Davao Region’s cacao industry lags behind global demand for chocolates

Drying cacao beans in Tugbok District, Davao city. MindaNews file photo by RUBY THURSDAY MORE

DAVAO CITY (MindaNews / 7 July) – Cacao production in the Davao Region has stagnated despite massive efforts to revitalize the industry amid the growing global demand for chocolates.
Dante Muyco, chair of Davao Region Cacao Council, said during “Wednesdays Media Forum” at Habi at Kape in Abreeza Corporate Center that the region’s annual estimated production level remains at 12,000 metric tons after years of attempts to double the yield.
He said the region fell short of hitting its target due to various factors, including poor planting materials and failure to put in place a good monitoring system.
“There have been massive plantings done in the past and the only problem was that the planting materials sometimes are not of good quality such that hindi tumutubo ng maayos (not growing properly). Learning from that lesson, we really have to make sure that our planting materials are really of good quality,” he said.
Good practices in the propagation of cacao seedlings must also be employed, he added.
“This means, when we do more expansions, we have to make sure that the system of monitoring is also done. The system of quality control from seedlings up to production areas should also be enforced,” he said.
He expressed optimism that the region would be able to double production of cacao in the next five years with a good system in place, particularly the protocols on farm practices and production.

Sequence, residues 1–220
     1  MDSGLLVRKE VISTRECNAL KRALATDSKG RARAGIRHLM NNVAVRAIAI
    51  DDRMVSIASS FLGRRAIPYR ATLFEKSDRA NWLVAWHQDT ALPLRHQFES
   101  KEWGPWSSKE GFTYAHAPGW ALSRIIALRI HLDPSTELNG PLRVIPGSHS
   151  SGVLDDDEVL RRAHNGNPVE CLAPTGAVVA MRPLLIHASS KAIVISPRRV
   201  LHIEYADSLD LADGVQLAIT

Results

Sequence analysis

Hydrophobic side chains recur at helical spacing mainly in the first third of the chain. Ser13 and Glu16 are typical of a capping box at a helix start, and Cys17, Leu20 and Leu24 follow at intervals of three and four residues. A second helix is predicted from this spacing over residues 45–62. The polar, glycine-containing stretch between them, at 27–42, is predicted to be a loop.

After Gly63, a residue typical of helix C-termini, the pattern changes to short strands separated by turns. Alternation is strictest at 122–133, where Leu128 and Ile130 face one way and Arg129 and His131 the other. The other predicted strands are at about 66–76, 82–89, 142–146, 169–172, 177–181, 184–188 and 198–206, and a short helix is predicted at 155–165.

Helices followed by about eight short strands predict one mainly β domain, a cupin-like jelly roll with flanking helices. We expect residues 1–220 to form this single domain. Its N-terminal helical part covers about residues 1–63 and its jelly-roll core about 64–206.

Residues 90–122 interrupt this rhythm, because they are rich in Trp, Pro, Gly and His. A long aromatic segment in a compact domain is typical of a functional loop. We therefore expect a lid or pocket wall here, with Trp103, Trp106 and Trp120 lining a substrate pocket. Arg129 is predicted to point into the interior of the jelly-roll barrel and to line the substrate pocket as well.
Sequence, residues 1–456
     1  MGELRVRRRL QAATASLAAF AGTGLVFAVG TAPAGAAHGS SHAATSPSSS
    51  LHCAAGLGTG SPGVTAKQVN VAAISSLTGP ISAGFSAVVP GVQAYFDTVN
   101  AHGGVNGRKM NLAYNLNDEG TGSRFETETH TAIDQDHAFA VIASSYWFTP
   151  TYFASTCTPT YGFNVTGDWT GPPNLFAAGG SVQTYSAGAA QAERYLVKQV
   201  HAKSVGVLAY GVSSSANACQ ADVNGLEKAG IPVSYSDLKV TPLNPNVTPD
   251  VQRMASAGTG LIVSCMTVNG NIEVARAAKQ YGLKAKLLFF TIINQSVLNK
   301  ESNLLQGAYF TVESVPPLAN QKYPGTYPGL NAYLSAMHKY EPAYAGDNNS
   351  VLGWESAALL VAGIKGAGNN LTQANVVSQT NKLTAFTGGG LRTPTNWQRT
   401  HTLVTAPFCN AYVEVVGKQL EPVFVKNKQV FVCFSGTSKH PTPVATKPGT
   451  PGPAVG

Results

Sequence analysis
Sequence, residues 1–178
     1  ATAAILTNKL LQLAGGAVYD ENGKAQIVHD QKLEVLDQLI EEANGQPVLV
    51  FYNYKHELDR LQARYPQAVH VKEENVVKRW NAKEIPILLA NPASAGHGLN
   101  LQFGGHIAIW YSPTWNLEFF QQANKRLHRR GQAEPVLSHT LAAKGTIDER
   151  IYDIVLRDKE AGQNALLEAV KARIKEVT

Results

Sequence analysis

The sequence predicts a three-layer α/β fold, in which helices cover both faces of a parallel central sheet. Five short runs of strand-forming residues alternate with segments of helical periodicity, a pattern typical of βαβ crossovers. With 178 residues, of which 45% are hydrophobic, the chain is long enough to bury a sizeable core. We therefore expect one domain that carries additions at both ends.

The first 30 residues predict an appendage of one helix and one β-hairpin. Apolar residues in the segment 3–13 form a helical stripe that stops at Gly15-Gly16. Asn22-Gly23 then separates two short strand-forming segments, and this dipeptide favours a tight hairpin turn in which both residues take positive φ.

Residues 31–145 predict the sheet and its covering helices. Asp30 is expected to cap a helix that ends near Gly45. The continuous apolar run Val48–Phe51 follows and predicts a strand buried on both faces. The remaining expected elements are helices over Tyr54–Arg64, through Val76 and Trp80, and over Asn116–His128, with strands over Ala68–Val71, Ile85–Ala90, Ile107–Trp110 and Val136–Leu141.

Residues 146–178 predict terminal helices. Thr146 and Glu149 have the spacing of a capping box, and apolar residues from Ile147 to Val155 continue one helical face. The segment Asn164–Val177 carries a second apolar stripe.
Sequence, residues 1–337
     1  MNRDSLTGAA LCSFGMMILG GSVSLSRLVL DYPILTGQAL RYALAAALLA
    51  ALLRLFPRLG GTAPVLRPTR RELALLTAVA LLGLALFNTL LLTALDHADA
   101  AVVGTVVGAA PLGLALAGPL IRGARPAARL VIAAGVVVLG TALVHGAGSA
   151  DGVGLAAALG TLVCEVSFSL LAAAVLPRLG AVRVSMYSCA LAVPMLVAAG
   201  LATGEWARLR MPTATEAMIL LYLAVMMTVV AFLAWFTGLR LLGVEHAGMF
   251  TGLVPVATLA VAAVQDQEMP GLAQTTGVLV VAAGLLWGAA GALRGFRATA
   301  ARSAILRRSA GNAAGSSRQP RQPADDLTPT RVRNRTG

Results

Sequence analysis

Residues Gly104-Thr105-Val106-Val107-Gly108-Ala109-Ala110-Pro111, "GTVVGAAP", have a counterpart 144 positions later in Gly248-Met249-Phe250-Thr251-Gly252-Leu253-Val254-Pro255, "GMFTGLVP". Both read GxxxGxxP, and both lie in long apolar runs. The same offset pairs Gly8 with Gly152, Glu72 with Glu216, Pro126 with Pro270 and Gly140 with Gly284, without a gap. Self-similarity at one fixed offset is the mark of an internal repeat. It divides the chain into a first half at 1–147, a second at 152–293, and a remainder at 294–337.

Muyco said the Philippine Cacao Industry Council is working on a book containing protocols on production that should be adopted by the cacao growers to increase not only the area planted to cacao but also the yield.
He said the global demand for cacao is currently estimated at 5 million metric tons annually, and a shortage is expected in the next 10 years owing to the increasing demand worldwide.
Under Republic Act 11547 of 2021, the entire Davao Region has been declared as the cacao capital and Davao City as the chocolate capital of the country.
The law recognizes “importance of cacao as a driver of rural development not only because of its singular potential as a raw material that can increase the country’s export earnings tremendously, and put the name of the country in the map for producing the finest chocolate beans, but for having provided livelihood to many small farmers in the countryside.”
Out of the 15,000 metric tons of annual cacao production in the Philippines, Muyco said the region’s share accounts for at least 12,000 MT.
For her part, Charita Puentespina, founder of Puentespina Farms, said farmers can expand cacao through intercropping with coconut plantations.
But she added that she believed the production has positively grown, only that current data do not reflect the correct annual growth.
“We have been trying to revive the industry since early 2000 and we’re trying our best to really come up with more production and more areas and still our figures are still in to that 12,000 metric tons since several years back. The very reason is that our efforts to come up with a very good monitoring of our products has not been in pace,” she said.
She said farmers need assistance in terms of fertilizers and training to improve quality, particularly the fermentation and drying process. (Antonio L. Colina IV/MindaNews)